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Gas Supply in France

There are usually two options that are available in France for the supply of gas. Either your house is going to be on the mains if you're usually in a city (gaz de ville), or you're going to have to use bottled or Liquid Petroleum Gas, or gaz de pétrole liquifié, in a tank.

Bottled gas

Bottled gas is going to be more expensive and will have to be bought probably at the local supermarket or the petrol station. It's usually in butane / propane gas bottles and you will have to pay a deposit, or a consigne (proving who you are and where you live). The best solution is to have two and when one runs out to be able to change it over, take the empty one back and buy a new one. We all know they usually have the habit of running out when you are soaped up under the shower or just ready to cook the dinner. So, it's best to have a spare on hand. A bottle is usually about 13kg and costs, 2.22 euros a kilo, or about 28-30 euros for the bottle (the deposit is 5 euros). Both butane and propane are used for cooking, BBQs and parasol heaters for the patio. If you're using this type of bottled gas, then you also need to make sure that you regularly change the rubber pipe between the bottle and the appliance you are using it for. There is usually a date stamped on the side, by which you need to replace it.


The advantage of a tank of Liquid Petroleum Gas (LPG) is that it contains much larger quantities and is usually stored somewhere near the house. But, there are disadvantages of using this system.If your house already has one fitted, then you will have to check the contract that you have with the company (or even the previous owner). As with anything, there are great prices to get you to sign up with the company, but once you are in, the chances are that you will be locked in with them, sometimes for a period of about 5 years on a contract. After that 5-year period the cost can go up and getting out fo the contract can be hard. You need to find out if you own the tank or if it belongs to the company that supplies you. If it belongs to you, you can basically cancel the contract or put an end to it when it's up for renewal. If it doesn't belong to you, and if you want to go to another company, then you will have to pay for the gas to be emptied from the tank, an administrative charge and then for the tank to be removed. Then, you will have to pay for a new tank by the new company to be fitted. The average cost per tonne in May 2021 is 2010 euros, working out to just over 2 euros a kilo. So, it's cheaper than the bottles, and has the advantage of allowing you to stock more. But, if you want to change, you need to weigh up the costs. If you attempt to cancel the contract before it is up for renewal, then you will have to pay the cost of the number of monthly payments that are left on the contract. It is possible to negotiate with the companies and attempt to stop them increasing the price, so save the hassle of changing the tanks (citernes). The 4 main suppliers 90% of the supplies) come through Antargaz, Butagaz, Primagaz and Vitogaz. These types of tanks can be underground and overground tanks, and they both last for about 30 years, on average. For the main companies there are two options for delivery that exist: either you have an automatic refill of the tank after a set period (this is cheaper), or you call and request a delivery when you are running low (but you have to count on the fact that you might not get a delivery in your area immediately).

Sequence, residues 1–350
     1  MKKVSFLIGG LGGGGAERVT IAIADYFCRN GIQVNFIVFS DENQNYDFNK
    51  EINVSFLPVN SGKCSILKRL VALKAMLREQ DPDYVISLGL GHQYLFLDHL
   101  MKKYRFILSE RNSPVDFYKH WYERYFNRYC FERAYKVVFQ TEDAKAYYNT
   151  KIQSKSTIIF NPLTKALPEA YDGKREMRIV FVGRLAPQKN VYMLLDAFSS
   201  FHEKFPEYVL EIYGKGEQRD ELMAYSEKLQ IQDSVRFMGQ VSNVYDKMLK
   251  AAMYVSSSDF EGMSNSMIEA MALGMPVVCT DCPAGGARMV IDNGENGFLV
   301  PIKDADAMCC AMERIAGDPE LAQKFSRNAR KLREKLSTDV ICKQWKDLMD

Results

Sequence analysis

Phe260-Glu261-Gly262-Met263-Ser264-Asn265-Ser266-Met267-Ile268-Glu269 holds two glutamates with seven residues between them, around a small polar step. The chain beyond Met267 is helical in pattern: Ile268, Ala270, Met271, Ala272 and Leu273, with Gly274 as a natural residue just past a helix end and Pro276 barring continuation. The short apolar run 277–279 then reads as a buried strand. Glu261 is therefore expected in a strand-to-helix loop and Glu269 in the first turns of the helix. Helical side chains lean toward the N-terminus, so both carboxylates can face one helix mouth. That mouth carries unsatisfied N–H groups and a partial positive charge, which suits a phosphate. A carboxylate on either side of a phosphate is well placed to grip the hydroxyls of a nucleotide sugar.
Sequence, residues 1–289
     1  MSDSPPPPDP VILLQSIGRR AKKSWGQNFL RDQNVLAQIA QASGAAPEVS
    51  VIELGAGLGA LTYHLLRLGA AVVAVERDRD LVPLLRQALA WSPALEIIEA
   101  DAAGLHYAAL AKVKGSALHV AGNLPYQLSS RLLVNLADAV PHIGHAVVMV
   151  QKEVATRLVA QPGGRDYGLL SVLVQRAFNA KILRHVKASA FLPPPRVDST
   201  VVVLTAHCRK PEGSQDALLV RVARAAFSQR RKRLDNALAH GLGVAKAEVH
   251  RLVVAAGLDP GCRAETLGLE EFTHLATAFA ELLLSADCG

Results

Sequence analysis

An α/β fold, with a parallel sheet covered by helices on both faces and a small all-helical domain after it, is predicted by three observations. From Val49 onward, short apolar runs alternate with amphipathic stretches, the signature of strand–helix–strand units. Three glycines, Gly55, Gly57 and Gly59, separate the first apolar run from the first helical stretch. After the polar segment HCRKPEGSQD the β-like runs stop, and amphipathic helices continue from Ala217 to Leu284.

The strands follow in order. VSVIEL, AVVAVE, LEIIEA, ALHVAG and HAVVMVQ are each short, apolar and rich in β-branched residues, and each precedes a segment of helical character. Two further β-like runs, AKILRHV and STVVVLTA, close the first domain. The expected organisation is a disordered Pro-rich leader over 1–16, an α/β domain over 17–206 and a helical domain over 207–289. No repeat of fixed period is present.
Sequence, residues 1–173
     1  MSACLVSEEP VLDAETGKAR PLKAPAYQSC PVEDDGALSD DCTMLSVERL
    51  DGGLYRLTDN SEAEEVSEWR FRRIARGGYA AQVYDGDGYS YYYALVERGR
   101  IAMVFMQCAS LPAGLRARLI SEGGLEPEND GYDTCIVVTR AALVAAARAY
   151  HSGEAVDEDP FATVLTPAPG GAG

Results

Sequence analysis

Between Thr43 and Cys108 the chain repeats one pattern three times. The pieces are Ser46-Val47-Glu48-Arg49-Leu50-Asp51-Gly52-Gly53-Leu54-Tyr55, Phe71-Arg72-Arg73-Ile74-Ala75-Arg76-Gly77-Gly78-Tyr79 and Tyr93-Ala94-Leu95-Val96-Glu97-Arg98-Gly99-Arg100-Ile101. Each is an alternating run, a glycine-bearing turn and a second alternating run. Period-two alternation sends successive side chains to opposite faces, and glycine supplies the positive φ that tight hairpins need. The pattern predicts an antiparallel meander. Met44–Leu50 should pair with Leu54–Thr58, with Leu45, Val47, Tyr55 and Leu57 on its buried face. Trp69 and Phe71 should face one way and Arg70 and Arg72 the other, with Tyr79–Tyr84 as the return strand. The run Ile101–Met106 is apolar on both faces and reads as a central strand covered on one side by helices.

Mains gas is delivered by GrDF today, and it can be supplied by Engie (the new name of GDF Suez), and Total Direct Energie, amongst others. The cost of a kWh of gas supplied through the pains is about 0,08311 euros for private homes. There are monthly rental costs that also have to be paid and the final cost depends on the zone in which you live. You will need to check the cost of each of the suppliers and make a comparison. There is free competition today in France on the price of mains-supplied gas also.

If you do need help, then French Admin can help you either get the gas on, or make the necessary calls on your behalf and negotiate a different contract. You may be able to save some money. if you just want us to take the hassle out of the organising of the whole thing, then we are here to do that too.

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